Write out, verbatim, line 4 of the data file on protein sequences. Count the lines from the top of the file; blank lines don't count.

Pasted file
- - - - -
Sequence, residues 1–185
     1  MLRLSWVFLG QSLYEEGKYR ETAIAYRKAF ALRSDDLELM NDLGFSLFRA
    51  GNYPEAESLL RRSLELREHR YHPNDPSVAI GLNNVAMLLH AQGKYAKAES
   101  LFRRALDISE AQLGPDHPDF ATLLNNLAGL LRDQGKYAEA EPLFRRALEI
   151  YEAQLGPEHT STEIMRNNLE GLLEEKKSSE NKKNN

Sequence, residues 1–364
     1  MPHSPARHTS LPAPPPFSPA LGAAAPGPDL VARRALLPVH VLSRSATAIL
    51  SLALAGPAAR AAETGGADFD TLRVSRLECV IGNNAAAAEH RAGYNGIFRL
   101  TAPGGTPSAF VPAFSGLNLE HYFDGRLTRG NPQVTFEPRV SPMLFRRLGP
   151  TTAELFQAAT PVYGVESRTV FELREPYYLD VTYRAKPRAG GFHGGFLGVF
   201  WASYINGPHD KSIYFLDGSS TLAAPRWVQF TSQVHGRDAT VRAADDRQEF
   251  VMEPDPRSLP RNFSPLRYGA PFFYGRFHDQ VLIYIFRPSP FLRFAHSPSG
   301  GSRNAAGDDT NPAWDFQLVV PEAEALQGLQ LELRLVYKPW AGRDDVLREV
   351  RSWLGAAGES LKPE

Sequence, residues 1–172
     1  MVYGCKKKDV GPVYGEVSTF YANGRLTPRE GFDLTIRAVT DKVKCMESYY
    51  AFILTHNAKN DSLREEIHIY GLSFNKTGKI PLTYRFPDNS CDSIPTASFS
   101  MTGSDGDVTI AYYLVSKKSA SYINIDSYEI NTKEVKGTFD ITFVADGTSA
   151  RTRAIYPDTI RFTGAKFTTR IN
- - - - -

   101  LFRRALDISE AQLGPDHPDF ATLLNNLAGL LRDQGKYAEA EPLFRRALEI